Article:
Revision blues

I have revision blues. I was so excited about starting to revise my WIP but I still have no real understanding of how to go about it, and when I can’t do something it makes me sad. Not very helpful or grown up, I know. If my daughter said such a thing to me I’d tell her it just takes practice and it’s okay to ask for help. She’s three. It’s okay not to know how to do something when you’re three!

I like to think it’s the impossible deadline (combined with a killer cold) that has sucked my motivation, but that’s just an excuse. I’m good at excuses. If I’m honest (in a way you can only really be with yourself at 1am) the difficulty with revision is that it exposes how little I truly know about writing.

I hate being a novice.

I nearly sobbed in rowing today because the coach was telling me I was doing it all wrong. It was only my fourth lesson but I’d done so well the week before it was crushing to be told I was rubbish. No one is more critical of me than me and I get extremely frustrated at myself if I can’t do something. To the point that – like my stroppy three-year-old – I stomp my foot, yell “Can’t do it!” and chuck whatever item I’m holding across the room. (Did I mention I’m more of a child than she is sometimes?)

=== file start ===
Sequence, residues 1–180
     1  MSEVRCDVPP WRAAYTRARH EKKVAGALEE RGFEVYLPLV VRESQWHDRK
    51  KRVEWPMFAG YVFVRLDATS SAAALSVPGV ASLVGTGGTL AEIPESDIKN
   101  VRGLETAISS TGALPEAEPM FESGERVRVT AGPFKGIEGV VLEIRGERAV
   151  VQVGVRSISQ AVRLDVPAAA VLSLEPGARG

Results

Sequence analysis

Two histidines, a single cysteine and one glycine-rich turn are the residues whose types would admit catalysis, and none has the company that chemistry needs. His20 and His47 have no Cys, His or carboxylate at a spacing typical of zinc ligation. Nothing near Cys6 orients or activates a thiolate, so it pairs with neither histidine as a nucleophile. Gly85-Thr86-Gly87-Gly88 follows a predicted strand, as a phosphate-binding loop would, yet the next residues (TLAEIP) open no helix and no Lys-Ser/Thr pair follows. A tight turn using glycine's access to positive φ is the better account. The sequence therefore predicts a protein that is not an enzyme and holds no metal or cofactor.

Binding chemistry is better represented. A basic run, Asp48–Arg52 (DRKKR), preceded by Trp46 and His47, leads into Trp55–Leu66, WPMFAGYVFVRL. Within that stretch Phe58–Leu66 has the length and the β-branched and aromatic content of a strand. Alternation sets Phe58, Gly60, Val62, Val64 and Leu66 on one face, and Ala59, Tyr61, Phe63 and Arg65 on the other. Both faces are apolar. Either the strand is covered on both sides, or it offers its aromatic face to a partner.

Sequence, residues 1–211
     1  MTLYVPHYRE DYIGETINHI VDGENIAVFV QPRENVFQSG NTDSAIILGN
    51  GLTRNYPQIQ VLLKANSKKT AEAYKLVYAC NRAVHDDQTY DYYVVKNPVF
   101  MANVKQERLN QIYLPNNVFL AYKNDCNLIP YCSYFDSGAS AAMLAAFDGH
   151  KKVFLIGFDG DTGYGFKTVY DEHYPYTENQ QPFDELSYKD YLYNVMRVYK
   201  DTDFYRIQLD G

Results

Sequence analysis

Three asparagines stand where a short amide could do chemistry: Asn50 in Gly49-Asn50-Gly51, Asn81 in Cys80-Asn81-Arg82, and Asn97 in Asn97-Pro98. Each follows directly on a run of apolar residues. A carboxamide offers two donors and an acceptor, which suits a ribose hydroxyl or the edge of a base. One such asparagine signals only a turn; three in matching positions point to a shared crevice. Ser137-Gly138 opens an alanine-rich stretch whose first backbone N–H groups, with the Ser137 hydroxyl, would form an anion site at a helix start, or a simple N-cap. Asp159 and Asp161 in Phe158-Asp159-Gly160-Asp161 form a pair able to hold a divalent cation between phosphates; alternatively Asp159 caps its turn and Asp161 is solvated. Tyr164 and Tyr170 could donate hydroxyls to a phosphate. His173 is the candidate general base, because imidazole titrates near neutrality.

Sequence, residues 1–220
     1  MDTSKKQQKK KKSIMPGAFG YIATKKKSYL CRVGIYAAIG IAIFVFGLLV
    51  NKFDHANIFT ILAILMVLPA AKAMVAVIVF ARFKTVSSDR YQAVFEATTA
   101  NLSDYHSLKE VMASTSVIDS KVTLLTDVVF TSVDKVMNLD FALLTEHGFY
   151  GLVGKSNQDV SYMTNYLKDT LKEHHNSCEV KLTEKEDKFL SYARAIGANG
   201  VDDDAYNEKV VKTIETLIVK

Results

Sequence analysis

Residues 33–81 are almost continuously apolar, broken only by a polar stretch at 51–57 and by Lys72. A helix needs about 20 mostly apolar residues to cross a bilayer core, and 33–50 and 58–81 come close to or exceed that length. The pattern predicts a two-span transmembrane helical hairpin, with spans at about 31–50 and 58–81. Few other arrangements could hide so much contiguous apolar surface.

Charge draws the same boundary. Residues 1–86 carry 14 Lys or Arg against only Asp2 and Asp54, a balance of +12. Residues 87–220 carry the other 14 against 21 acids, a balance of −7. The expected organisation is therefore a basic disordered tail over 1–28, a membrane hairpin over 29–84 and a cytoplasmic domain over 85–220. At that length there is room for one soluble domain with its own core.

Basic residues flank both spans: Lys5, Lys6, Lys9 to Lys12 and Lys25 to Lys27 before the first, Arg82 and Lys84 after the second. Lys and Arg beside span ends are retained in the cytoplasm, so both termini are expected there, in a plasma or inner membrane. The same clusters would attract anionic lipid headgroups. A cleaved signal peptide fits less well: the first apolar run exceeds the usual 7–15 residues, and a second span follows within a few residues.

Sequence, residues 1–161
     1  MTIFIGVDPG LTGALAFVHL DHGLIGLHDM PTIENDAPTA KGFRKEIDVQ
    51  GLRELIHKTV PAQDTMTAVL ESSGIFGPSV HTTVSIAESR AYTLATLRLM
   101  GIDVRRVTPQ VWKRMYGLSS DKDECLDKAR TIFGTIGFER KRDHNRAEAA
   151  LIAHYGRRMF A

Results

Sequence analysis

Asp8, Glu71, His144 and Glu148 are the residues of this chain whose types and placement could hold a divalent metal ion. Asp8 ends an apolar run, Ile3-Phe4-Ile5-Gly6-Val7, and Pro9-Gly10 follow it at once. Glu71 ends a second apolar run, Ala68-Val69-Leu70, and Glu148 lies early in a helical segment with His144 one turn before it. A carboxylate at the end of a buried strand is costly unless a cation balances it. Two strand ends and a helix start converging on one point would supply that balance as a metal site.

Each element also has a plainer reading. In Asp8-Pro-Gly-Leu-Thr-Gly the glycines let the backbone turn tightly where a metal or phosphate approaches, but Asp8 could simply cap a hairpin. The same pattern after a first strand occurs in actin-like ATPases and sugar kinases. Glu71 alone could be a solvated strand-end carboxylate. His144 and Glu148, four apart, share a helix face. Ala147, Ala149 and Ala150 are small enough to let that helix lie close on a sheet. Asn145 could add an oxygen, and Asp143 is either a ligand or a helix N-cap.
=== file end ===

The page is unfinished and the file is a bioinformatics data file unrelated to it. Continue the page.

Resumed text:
I read another instructive blog by Kristen Lamb this week, this one was about structure and how it separates the beginners from the professional writers. I confess I didn’t completely understand the blog which probably puts me firmly in the not about to be published anytime soon camp! I do at least own the Plot and Structure book she quotes from: I just need to read it.

So, as well as trying to polish a first draft in an impossible six weeks, just in case I’m shortlisted for the Mslexia award, I’m trying to learn how to write and how to revise all at the same time. It’s no wonder I’ve picked up Garth Nix’s Keys to the Kingdom again. I’m already on Drowned Wednesday. I may not know much about scene and sequel or Goal – Conflict – Disaster but when it comes to displacement activity I’m a master.

The one positive I’ve had so far is discovering a useful revision summary by KittyB78. It doesn’t tell me how to revise but it does give some things to look for, such as scene flow and characterisation. I like the idea of highlighting different parts, like dialogue, internal thought, characterisation, in different colours. There are also some other great revision tips in the comments.

My biggest challenge this year might be resisting the urge to do NaNoWriMo again. I love it and several of my (unfinished) novels were born in November. However the last thing I need right now is another first draft to nag at me and distract me from actually finalising one of my existing manuscripts. Kristen Lamb is always talking about writers being distracted by the next new shiny.